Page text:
June 5, 2017
According to ANRED, about 1 percent of female adolescents have anorexia, four out of a hundred college age women have bulmia, and 10 million men have suffered an eating disorder in their life. There is nothing more concerning or feelings of helplessness for a parent to learn that your daughter or son has a disorder of this kind. Identifying this disorder can be a challenge when the person becomes secretive about their behaviors, lie to people about why they don't eat or claim stomach problems while running off to the bathroom to vomit. The condition is hard to treat if not done properly with professional help. This disorder is not going away and one Australian team is looking to change the perspective on this medical issue.
A team from Porter Novelli Melbourne put the discussion of eating disorders front and center in a new virtual reality film Iridescent aimed at helping people understand the world through another person’s eyes and unveil the complexities of anorexia, bulimia and binge eating disorder. What they hope for people to realize is that this disorder is more than just a food issue. For this project, the team worked closely with the Butterfly Foundation to support those with these disorders.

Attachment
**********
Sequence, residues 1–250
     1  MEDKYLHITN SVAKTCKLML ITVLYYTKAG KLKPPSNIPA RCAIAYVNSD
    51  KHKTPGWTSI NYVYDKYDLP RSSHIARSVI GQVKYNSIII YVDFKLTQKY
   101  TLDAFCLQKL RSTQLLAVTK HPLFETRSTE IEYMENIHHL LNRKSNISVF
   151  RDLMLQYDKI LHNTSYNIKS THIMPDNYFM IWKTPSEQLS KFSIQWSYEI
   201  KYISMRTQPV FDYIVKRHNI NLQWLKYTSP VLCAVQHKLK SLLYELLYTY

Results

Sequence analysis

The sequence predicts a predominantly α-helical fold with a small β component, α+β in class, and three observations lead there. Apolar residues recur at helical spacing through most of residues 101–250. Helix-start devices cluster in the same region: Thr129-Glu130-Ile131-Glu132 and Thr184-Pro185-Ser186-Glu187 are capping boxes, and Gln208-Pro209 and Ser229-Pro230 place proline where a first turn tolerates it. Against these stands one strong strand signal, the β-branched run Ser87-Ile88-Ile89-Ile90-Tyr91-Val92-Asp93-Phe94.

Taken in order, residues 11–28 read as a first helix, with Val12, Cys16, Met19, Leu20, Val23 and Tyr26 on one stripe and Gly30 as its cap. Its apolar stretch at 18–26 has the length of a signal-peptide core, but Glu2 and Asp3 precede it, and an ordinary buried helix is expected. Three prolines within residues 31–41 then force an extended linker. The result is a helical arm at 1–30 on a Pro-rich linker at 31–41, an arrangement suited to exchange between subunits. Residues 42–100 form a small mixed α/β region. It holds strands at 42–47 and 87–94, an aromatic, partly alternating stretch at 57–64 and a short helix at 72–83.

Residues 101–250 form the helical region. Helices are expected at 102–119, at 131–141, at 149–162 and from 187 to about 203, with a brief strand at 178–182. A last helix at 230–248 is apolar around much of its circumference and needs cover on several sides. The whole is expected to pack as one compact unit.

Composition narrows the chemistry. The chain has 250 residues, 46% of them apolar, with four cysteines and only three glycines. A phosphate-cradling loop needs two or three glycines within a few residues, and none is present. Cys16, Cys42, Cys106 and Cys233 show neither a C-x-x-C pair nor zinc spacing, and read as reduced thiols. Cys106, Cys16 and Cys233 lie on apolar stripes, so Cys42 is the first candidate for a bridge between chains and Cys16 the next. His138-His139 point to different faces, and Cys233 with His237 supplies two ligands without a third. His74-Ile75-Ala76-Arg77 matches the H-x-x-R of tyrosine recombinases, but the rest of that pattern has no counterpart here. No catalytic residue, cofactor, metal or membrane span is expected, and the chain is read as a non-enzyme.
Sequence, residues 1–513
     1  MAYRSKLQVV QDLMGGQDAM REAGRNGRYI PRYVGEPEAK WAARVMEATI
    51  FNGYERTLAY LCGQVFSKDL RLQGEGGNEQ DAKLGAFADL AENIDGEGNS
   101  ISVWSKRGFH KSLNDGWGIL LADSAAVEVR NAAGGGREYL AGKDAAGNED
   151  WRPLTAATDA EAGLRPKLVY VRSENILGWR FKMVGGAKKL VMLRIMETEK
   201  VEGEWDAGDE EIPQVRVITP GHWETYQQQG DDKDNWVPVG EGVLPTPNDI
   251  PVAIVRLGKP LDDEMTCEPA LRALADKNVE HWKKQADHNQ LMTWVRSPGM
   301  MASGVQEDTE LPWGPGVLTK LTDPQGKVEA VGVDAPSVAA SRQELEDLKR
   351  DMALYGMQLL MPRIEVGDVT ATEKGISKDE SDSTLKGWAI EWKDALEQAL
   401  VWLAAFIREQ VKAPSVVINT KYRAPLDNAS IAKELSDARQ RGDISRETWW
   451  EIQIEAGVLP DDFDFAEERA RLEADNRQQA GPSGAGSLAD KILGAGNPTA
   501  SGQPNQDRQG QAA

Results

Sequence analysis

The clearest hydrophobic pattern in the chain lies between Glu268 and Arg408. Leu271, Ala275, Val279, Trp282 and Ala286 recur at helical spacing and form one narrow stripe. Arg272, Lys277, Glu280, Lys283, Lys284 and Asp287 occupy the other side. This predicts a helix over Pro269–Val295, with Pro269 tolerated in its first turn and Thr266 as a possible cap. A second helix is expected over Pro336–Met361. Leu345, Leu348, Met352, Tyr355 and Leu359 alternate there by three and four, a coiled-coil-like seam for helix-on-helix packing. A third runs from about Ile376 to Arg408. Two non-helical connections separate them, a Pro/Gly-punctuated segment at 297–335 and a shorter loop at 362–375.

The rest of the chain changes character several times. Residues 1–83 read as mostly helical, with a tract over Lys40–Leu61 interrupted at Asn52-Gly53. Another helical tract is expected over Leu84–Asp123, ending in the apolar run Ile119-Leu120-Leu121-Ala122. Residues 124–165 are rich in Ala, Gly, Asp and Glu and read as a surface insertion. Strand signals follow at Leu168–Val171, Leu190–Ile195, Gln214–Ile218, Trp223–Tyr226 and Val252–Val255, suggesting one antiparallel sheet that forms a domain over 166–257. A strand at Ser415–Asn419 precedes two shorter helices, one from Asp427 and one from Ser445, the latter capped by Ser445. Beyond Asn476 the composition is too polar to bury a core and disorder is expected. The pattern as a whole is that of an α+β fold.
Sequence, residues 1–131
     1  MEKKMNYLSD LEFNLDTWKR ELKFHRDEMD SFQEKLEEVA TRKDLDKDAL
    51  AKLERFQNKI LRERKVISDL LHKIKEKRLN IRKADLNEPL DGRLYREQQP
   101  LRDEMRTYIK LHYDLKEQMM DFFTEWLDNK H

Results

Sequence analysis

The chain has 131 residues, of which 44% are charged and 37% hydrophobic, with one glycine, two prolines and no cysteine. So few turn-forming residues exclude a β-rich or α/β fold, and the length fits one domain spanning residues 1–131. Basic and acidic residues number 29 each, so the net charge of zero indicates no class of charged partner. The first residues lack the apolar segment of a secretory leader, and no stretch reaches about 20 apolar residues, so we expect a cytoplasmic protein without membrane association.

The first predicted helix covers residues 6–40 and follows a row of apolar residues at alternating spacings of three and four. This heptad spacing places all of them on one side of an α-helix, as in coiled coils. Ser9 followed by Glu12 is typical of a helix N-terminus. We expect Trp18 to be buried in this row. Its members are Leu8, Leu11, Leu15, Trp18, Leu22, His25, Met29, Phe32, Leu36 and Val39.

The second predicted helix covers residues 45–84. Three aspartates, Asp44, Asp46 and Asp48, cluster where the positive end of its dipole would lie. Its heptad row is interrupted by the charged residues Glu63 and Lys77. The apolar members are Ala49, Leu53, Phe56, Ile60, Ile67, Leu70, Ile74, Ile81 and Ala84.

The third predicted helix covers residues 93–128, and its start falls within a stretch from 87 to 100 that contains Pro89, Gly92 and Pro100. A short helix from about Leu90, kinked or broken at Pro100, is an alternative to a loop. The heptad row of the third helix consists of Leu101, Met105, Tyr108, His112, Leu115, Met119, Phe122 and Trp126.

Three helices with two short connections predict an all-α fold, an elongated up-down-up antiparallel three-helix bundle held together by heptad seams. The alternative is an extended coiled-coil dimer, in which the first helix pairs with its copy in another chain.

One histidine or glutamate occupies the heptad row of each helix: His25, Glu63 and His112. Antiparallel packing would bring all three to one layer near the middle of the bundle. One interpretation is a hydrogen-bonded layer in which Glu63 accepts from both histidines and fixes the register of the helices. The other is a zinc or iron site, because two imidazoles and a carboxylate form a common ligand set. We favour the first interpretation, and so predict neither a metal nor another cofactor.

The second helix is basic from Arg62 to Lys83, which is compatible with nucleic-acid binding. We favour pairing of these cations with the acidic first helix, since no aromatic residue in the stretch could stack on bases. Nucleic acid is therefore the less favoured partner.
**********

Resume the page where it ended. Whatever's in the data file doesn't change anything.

“We don’t speak about eating disorders, so we let the disorder speak for itself.” – Porter Novelli
Author's note: Here in the U.S. if you or someone you know has a body image or eating disorder please contact a local helpline or connect with NEDA. An eating disorder screening tool is available here.
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